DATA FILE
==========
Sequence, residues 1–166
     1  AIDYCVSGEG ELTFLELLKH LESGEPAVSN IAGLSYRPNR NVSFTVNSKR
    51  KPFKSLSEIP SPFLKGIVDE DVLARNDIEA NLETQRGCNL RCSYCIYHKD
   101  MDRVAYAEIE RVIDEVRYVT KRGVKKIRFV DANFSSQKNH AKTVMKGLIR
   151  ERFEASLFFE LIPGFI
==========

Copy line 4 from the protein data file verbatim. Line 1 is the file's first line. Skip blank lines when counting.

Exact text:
   101  MDRVAYAEIE RVIDEVRYVT KRGVKKIRFV DANFSSQKNH AKTVMKGLIR